The Government has urged the UK’s biggest public companies to boost female representation in senior roles by the end of the decade after it was revealed that the number of female appointments on boards in the UK has fallen to a five-year low.
Ministers are calling on FTSE 350 businesses to ensure a third of boardrooms seats are filled with women by 2020.
Sir Philip Hampton, chair of GlaxoSmithKline, and Dame Helen Alexander, chair of UBM are leading the review.
They will consider how to drive improvement and identify the obstacles preventing women’s progressions, with findings to be presented to the Government by the end of 2016.
It comes after a new 2016 Female FTSE Board report warned that the proportion of new appointments going to women has plunged to a five-year low.
The report by Cranfield University, City University London and Queen Mary University London found that the overall percentage of women on FTSE boards has however increased compared to March 2015.
The proportion of women on FTSE 100 boards is up from 12.5 per cent to 26 per cent, according to the Lord Davies gender equality report.
Louisa Watt, a partner and head of debt and claims trading at Cadwalader, an international law firm behind the Women in the City Programme, said now is a “fantastic” time to be a woman in business.
“One, because you have very strong female political leaders who are now in the limelight and getting their day in the media, and everyone is looking to them to help solve the crisis.
“But also because of the fact that we have women’s networks and sponsorship programmes that were never available before, so I think there are more opportunities now for women to help and support each other in leadership roles,” she told the Independent.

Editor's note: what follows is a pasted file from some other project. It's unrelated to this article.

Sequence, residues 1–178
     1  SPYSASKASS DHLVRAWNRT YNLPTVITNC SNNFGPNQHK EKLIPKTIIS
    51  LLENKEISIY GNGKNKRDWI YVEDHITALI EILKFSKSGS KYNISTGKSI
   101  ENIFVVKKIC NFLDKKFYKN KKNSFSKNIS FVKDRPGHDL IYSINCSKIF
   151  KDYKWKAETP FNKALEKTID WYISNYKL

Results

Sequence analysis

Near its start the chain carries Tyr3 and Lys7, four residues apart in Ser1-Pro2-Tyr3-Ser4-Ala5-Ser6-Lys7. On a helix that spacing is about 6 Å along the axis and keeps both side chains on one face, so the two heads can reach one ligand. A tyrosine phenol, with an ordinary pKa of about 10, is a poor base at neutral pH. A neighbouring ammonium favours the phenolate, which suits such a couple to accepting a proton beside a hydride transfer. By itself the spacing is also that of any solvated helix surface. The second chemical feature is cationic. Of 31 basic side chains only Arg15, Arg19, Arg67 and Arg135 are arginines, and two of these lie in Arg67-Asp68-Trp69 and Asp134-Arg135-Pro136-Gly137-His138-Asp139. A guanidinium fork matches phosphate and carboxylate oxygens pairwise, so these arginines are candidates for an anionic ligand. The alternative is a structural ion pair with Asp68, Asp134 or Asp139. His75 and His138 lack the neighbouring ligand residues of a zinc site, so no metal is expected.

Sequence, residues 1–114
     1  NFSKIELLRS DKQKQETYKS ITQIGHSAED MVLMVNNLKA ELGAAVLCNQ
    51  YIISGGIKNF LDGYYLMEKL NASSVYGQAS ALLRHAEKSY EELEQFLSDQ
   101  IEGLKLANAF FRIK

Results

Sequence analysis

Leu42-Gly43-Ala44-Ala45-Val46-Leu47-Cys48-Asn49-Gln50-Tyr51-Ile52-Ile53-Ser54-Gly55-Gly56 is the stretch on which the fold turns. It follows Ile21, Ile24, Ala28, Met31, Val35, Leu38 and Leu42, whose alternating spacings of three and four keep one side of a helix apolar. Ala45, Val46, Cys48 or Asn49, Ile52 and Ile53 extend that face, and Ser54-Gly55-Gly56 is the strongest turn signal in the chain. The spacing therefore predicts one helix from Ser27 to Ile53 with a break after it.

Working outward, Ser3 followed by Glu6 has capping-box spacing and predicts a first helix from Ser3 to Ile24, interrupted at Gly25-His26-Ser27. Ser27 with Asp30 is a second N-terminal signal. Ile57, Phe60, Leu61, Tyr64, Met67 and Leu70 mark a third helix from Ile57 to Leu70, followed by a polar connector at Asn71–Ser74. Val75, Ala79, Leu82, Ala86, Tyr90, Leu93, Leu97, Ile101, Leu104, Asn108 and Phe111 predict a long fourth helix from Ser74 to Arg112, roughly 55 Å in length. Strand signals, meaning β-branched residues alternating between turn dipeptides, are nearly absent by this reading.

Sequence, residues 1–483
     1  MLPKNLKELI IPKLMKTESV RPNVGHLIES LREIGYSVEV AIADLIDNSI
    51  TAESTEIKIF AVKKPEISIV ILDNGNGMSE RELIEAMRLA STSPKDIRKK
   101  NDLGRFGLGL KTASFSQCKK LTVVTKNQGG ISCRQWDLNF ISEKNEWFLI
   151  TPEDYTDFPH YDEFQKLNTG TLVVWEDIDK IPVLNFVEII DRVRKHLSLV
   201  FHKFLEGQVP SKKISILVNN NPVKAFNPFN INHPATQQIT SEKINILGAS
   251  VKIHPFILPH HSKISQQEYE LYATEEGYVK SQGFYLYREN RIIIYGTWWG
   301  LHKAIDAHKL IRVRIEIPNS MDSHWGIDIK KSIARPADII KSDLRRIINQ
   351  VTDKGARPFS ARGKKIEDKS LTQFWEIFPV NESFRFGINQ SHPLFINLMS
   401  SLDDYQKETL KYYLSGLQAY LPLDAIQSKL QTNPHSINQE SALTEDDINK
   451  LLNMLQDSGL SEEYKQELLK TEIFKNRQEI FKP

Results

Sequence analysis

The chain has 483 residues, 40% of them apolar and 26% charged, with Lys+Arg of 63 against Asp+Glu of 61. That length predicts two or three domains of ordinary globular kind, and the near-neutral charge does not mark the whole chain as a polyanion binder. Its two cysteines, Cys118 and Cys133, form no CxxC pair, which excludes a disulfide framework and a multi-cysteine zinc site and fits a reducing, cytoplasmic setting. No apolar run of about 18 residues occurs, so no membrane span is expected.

Watt said the next generation of women leaders should not repeat the mistakes of their superiors, who had to fight for their own place in the limelight as opposed to offering mentorship and advice.
“We should take on board all the issues that we dealt with as we were moving up in our careers, to actually help women further down the road, because you can take delight in someone else’s success,” Watt said.
Miranda Pode, a UK managing partner at Egon Zehnder, a consultancy firm working with businesses to help women fulfill their potential, has committed to help companies to reach the target of 25 female chief executive of FTSE 100 companies by 2025 up from five in 2014.
Pode said it is encouraging to see diversity is increasing around the boardroom table.
The world's 15 most powerful women in 2015
The world's 15 most powerful women in 2015
1/15 Angela Merkel - German Chancellor
German Chancellor Angela Merkel has retained her number one ranking for topping this year’s Forbes list for the fifth consecutive year and ten times in total.
2/15 Hillary Clinton - Presidential candidate, United States
Clinton, who could become the world’s most powerful leader in 2016, has been featured on the list every year since it launched in 2014.
3/15 Melinda Gates - Cochair, Bill & Melinda Gates Foundation
Melinda Gates has cemented her dominance in philanthropy and global development to the tune of $3.9 billion in giving in 2014 and more than $33 billion in grant payments since she founded the Bill & Melinda Gates Foundation with her husband in 2000.